Another example was Jaguar USIV. For that one they decided that they could have less frequent pipe line stalls i

  • by seeker_1us (1203072) on Tuesday June 16, 2009 @08:30AM (#28346811)
    According to the CNET article, Tukwilla is pushed until 2010, and it's going to be 65nm instead of 45 nm. Since Intel has already demonstrated 32nm chips, [engadget.com] that means Tukwilla will already be at least two generations behind when it's released. No new chip designs from Sun and Fujitsu decreasing the R&D budget. Sounds like this market is falling behind.
  • by mzito (5482) on Tuesday June 16, 2009 @08:36AM (#28346855) Homepage

    Mostly, it just benefits Intel and AMD. Sun loses their high-end chip, which theoretically hurts their high-end offerings, but their high-end servers are an rapidly declining piece of their revenue. I've thought that Sun should drop SPARC entirely, except for supporting legacy customers. The niagara chip is an interesting concept, but most people today just want Intel/AMD chips in their servers.

    • Re: (Score:2, Insightful)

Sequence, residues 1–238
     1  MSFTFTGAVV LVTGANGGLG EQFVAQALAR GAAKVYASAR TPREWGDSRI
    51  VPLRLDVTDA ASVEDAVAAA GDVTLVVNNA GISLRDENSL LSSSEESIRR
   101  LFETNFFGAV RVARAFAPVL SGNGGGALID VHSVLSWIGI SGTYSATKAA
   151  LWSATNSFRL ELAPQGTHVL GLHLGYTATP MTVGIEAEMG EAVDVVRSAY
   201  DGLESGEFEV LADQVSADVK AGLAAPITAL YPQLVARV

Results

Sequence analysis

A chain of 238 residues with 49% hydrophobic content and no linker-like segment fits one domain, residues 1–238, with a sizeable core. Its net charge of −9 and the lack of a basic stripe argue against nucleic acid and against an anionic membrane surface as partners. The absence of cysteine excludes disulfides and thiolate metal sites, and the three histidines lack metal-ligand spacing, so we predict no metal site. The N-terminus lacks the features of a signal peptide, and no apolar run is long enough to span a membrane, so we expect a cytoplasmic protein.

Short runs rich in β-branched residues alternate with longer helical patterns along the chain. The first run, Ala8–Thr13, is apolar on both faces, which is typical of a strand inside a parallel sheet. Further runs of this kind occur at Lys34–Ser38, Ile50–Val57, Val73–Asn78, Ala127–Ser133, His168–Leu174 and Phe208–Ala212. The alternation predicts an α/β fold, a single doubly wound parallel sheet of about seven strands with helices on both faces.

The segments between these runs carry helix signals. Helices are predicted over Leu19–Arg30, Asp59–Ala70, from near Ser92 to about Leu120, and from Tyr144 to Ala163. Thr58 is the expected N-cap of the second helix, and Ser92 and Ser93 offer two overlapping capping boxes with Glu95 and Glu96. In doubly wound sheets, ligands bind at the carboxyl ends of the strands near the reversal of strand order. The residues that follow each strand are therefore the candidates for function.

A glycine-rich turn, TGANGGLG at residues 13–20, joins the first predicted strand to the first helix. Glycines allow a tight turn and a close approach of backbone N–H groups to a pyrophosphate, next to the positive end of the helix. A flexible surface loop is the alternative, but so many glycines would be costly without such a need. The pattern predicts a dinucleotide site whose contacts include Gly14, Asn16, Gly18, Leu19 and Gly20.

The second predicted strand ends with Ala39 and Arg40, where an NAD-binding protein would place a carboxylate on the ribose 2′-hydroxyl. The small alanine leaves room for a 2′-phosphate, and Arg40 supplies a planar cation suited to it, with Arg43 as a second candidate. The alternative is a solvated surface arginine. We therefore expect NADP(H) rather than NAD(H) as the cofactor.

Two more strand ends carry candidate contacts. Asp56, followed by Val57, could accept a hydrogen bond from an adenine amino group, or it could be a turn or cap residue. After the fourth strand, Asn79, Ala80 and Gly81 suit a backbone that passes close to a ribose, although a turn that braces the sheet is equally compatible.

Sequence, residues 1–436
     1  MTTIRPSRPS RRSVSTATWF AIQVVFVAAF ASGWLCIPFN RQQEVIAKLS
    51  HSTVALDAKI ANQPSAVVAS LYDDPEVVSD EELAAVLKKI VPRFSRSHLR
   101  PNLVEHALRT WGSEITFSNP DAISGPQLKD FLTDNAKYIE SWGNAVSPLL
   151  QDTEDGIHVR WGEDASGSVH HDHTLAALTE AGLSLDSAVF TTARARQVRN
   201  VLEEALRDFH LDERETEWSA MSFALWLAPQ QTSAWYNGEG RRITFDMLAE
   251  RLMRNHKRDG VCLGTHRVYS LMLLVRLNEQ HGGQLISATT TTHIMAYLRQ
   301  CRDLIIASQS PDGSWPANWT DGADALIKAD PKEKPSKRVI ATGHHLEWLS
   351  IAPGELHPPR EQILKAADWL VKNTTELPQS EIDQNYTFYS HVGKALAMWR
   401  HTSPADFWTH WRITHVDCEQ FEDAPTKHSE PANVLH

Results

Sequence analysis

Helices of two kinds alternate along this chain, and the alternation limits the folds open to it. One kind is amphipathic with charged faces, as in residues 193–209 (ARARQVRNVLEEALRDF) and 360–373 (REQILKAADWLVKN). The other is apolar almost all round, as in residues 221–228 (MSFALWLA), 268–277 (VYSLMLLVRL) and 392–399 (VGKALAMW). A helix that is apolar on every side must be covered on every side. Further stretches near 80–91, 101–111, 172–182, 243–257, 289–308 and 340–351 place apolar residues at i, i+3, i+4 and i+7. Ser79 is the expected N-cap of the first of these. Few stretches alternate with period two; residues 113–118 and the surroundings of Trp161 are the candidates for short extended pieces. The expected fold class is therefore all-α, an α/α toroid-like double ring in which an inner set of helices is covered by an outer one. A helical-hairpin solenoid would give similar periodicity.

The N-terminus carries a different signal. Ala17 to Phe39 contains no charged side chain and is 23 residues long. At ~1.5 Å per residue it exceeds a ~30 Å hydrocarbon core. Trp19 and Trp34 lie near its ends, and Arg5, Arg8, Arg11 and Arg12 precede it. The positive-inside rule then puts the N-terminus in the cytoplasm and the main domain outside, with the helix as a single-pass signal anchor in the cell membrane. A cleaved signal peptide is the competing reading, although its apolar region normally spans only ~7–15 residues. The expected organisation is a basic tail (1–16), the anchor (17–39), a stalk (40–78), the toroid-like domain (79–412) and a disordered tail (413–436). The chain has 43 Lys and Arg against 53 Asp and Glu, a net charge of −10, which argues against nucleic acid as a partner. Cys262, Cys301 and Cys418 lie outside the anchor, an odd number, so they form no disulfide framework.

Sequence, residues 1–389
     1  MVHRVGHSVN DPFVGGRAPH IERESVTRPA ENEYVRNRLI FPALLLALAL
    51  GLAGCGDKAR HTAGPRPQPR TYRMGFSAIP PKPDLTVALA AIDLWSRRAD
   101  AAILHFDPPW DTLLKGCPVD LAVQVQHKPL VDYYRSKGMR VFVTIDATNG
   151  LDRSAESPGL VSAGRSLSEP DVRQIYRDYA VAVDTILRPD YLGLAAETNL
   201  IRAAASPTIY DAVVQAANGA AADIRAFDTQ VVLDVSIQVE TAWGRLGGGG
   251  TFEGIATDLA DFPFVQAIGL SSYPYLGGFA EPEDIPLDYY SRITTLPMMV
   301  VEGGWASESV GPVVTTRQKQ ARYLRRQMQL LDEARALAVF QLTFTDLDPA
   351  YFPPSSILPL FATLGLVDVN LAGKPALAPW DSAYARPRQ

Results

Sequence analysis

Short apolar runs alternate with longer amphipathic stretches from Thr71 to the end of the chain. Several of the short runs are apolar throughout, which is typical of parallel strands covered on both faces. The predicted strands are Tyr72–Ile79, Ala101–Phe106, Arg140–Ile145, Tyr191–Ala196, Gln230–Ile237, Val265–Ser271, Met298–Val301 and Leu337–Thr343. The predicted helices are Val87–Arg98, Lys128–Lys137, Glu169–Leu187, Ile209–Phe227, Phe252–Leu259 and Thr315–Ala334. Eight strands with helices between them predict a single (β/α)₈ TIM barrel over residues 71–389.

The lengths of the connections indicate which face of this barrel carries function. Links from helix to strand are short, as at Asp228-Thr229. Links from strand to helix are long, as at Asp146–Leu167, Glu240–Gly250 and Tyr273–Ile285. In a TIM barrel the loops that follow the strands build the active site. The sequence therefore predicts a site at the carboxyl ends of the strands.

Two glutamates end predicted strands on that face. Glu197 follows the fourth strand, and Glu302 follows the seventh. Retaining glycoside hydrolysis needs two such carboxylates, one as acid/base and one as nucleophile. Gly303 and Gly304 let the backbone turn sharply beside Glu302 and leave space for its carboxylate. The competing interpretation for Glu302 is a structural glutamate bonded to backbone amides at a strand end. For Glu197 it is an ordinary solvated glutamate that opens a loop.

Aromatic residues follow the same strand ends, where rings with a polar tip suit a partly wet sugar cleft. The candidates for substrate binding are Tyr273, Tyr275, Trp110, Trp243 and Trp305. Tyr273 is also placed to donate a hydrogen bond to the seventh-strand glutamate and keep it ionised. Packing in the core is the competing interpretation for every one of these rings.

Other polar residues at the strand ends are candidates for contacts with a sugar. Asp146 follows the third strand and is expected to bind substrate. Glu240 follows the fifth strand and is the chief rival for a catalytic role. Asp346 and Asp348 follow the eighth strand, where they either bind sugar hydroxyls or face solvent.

by downix (84795)

      People want more viruses? As a virus is targeted at an architecture and api, and if you combine into a single chain, you wind up with a perfect storm for virus spreading. Witness the Irish Potato Famine.

      I say we need more diversity of architectures, OS's, platforms and API's to prevent a Pandemic of computer malware. I still laugh at the memory of witnessing conficker trying desperately to install itself on my SPARC Kubuntu machine.

      • by mzito (5482) on Tuesday June 16, 2009 @09:32AM (#28347391) Homepage

        By your own example, though, clearly the current level of diversity hasn't helped mitigate the spread of malware, since conficker was able to install on many many PCs.

        Then, if we decided we needed more diversity, how many more? I can't see having 10 major OSes making a difference, perhaps 50 with wide distribution.